5 months ago


Contravening GI recognition does not help the guilty party

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The news that India has given Tangail Saree the Geographical Indication (GI) recognition has naturally stirred up a hornet's nest. Whatever may be the legal loopholes for India doing so, no answer can satisfy the simple fact. The fact is that Tangail is not in India. It is in Bangladesh and the artisans in that district have been producing a type of cotton saree unique in pattern and texture. The saree bears the name of the place since before it became a district in 1969. Like muslin, the finest cloth human hands have ever produced, Tangail has seen the excellence of craftsmanship unmatched by any in the whole world.

The World Intellectual Property Organisation (WIPO) clearly spells out how a product qualifies for GI recognition. It is a sign used on a product to mark a special geographical origin, its qualities and reputation attributable to that origin. In the very title Geographical Indication, this meaning is quite expressive. India has no right to claim that Tangail is its territory, so cannot do so in case of a product that has been traditionally the particular place's own. By the way the infringement is in case of both territorial integrity and the resourcefulness of traditional knowledge, skill and craftsmanship.

If India can claim Tangail saree their own, Bangladesh can as well claim the GI recognition for world famous Kanjeevaram or Kanchipuram silk saree produced in a town called Kanchipuram of Tamil Nadu. Will it be to the liking of the artisans who have been carrying the rich legacy of this exquisite saree for at least 400 years? Neither will the Indian government be pleased with such a naive but outrageous move. Indeed, the authorities in India responsible for granting GI recognition to Tangail Saree has been ill advised.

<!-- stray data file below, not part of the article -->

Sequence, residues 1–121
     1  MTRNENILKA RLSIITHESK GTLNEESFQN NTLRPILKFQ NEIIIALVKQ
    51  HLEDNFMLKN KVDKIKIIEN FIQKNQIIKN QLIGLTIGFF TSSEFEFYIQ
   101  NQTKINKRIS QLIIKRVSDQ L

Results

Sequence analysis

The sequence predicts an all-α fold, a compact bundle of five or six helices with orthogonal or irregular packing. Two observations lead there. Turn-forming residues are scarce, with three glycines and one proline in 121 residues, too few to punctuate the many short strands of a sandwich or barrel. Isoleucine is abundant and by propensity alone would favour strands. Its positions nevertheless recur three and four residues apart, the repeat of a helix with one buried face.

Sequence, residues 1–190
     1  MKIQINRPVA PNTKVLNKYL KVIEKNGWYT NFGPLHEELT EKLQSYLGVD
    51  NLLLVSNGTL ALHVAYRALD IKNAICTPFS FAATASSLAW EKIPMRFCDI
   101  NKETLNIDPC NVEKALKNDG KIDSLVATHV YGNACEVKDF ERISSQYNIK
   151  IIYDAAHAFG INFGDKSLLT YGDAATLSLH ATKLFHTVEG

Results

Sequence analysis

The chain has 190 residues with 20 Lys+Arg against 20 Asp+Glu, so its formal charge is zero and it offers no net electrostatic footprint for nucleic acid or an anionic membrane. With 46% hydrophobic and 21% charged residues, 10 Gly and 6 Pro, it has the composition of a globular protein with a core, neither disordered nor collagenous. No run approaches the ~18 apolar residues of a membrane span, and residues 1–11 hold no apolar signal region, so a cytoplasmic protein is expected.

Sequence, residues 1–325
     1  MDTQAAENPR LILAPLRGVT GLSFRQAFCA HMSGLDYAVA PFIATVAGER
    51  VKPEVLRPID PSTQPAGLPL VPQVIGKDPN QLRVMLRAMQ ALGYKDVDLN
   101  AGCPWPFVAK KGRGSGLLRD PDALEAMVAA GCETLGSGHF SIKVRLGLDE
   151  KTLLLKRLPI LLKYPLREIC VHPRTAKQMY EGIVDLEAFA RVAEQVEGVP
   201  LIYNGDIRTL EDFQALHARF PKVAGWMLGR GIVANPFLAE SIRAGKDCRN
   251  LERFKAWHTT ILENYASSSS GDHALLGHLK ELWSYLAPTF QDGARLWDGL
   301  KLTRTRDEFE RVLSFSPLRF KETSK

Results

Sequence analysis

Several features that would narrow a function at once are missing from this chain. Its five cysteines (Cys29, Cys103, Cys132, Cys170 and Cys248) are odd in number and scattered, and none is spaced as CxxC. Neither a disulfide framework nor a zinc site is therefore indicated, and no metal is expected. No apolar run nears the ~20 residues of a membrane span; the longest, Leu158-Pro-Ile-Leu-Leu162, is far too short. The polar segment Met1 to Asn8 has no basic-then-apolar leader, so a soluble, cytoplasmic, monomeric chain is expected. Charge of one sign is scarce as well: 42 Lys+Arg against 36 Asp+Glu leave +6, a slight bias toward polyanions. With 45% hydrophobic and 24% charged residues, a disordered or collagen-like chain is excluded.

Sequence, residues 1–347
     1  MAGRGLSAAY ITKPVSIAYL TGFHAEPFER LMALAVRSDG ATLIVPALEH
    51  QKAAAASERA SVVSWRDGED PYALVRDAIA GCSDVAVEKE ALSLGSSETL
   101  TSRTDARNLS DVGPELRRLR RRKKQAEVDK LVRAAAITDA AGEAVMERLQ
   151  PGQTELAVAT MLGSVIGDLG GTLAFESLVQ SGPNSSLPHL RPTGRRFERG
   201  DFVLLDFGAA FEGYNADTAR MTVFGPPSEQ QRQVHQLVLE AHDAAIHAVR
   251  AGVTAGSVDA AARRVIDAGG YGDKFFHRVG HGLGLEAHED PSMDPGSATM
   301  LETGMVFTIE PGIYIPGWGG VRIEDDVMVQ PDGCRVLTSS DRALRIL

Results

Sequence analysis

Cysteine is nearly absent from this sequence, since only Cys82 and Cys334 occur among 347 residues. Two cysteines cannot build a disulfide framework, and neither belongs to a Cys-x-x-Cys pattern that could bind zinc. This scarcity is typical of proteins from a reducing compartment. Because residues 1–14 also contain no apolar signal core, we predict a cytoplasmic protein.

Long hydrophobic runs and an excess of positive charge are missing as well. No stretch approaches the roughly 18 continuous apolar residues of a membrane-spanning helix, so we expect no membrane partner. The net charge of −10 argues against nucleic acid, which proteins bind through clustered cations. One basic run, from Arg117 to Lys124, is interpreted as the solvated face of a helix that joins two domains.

There is no way of identifying a place by the name Tangail in India just like the Kanchipuram of Tamil Nadu or Mysore Slik of Mysore or Baluchari of Murshidabad and Bishnupur cannot be identified as places in Bangladesh. The Indian government would do well to rescind the GI recognition of the Tangail Saree. Bangladesh has the inalienable right to this particular saree and no one can take away that right from this country.

There are complications in any litigation involving disputes over a GI commodity. It would be better if India realised its mistake and made the necessary move to correct it in the spirit of the friendly relations between the two neighbouring countries. India will neither gain a lot by receiving the GI recognition for a product that is not its own nor lose anything either if it surrenders its misplaced claim to the product. If there is any such product in Nadia and Shantipur of West Bengal, they can give GI recognition by that name. No harm in sticking to the place of origin and exploring the commercial viability of the product.

The artisans in Tangail have developed the craftsmanship for generations and they are struggling to survive because of numerous constraints. Yet the weave their dreams in the tapestry of fabric on the space of a few metres. This is so exquisitely designed and furnished that artisans of anywhere else including those of Pabna cannot replicate their creation. The artisans are so dexterous in doing so that the sarees from Tangail have been enjoying a great demand from home and abroad. In whichever continent or country Bangalee women live, they love to collect Tangail sarees.

Bangladesh has by this time obtained GI recognition for 31 products and 12 more are under consideration. Hopefully no other product will raise such a stormy controversy. There are more candidates for GI recognition. If Bogura curd or yoghurt deserves GI recognition, so can the highly acclaimed Gournadi dadhi (yoghurt). In equal measures, sweetmeat such as rasogolla, kalojam and rajbhog made in Gournadi can claim their specialty. These special and unique varieties of sweetmeat can as well be considered for GI recognition. Then there is patali gur (molasses cake) made from date juice in Mostafapur under Madaripur, which is far superior to any of its kind. This product also deserves GI recognition. Let there be a concerted effort to give local products the recognition they deserve because such a recognition encourages the dying art to get a fresh lease of life.

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